Kensington Palace was built in the late 1600s and was initially the home of the William of Orange and Mary II. Mary II was offered the throne after James II had a son which was to be raised Roman Catholic. There is a rumour that the son was smuggled in a warming pan and so the throne was offered to the Protestant Mary II (James's daughter) and William.
Sir Christopher Wren
expanded on the Jacobean mansion for the couple. They did not have
children and so when they both passed away (Mary II of smallpox and
William of a broken collarbone after a horse riding accident), William
III and Mary Herietta ruled jointly which was rare. When they
both passed away, Queen Anne (James II's other daughter) succeeded them.
All of these people contributed to the house you see today.
I really like Kensington Palace. The experience is different than
any other palace I have ever been to. They have displayed the story of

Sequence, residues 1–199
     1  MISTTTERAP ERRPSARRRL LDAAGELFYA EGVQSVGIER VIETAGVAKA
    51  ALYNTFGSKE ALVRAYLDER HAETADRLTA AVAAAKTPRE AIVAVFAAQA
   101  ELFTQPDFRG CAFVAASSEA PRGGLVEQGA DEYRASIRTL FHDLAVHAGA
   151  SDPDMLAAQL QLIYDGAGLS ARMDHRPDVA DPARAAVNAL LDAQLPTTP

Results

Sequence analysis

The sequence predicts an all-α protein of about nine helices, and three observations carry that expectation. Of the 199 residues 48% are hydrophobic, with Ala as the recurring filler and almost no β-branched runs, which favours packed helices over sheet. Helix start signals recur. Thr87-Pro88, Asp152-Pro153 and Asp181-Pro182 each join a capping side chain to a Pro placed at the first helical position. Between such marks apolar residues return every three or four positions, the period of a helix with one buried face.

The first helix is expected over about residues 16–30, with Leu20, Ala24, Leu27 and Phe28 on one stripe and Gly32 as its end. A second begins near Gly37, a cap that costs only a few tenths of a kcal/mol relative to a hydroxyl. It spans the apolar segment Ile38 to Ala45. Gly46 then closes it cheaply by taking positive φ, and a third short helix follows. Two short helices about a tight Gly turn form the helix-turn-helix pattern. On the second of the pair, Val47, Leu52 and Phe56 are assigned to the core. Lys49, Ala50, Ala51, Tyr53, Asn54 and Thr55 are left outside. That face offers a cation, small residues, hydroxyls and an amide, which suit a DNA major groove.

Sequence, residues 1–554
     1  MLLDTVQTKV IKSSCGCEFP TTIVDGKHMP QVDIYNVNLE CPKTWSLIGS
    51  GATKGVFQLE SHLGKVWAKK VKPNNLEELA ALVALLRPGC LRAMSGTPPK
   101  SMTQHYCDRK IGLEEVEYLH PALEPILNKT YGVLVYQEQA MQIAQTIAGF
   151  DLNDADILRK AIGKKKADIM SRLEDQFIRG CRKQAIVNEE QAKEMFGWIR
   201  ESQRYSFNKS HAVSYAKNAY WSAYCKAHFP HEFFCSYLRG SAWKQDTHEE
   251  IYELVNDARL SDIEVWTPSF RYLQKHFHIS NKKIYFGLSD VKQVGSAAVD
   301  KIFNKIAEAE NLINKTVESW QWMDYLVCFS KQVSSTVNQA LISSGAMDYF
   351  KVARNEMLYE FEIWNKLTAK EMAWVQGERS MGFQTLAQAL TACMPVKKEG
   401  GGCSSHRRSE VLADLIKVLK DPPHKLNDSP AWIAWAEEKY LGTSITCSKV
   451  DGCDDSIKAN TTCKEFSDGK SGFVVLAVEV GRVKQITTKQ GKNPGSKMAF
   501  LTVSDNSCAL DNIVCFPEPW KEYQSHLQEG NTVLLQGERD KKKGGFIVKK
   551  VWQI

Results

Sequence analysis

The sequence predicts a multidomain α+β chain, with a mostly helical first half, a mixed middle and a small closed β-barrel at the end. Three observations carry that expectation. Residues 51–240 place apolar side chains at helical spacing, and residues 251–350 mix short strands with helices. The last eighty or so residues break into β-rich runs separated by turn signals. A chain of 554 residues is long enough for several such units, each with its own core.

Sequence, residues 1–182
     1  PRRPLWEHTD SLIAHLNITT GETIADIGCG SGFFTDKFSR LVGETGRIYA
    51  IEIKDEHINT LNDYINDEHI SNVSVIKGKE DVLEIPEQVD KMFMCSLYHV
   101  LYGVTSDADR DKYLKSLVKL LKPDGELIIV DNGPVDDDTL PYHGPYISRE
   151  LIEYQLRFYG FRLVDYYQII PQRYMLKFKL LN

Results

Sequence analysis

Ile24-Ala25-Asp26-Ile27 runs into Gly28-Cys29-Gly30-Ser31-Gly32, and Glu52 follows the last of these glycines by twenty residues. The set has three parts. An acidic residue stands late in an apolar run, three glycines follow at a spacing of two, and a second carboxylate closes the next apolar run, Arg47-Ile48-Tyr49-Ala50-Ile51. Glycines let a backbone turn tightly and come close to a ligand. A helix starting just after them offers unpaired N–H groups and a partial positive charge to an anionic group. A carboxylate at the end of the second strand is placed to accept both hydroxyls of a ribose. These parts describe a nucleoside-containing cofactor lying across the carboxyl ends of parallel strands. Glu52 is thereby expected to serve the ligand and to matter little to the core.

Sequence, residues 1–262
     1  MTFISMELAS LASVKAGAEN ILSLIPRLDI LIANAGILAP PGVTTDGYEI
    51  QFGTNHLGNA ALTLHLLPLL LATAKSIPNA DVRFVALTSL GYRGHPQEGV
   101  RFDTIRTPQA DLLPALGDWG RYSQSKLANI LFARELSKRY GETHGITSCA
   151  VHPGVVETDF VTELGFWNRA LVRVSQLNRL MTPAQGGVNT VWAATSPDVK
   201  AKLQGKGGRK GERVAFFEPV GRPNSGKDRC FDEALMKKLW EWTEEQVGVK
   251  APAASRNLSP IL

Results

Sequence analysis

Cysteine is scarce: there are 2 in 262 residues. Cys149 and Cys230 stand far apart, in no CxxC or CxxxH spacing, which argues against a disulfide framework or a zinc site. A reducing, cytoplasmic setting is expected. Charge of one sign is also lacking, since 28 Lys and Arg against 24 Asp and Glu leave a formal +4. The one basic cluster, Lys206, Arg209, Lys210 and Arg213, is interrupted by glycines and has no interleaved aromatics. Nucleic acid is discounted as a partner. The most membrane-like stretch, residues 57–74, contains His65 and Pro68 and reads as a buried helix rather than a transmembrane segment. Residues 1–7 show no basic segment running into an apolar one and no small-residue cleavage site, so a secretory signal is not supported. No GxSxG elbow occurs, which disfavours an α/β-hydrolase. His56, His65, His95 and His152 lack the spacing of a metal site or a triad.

the people who have lived here in a very artistic way. Also the
Explainers (yes that is what they are called) were fabulous! They were
able to answer most of our questions. I have to admit my Kings & Queens pocket book,
has come in quite handy! I put it in my bag to read while waiting in
line and now take it every time I visit a property. This is a property
not to be missed!
Tip: If you plan on visiting Tower of London, Hampton Court, Banqueting House, Kew House and Kensington Palace, it is worth becoming a member! It pays for itself if you visit two places and you can go as often as you want!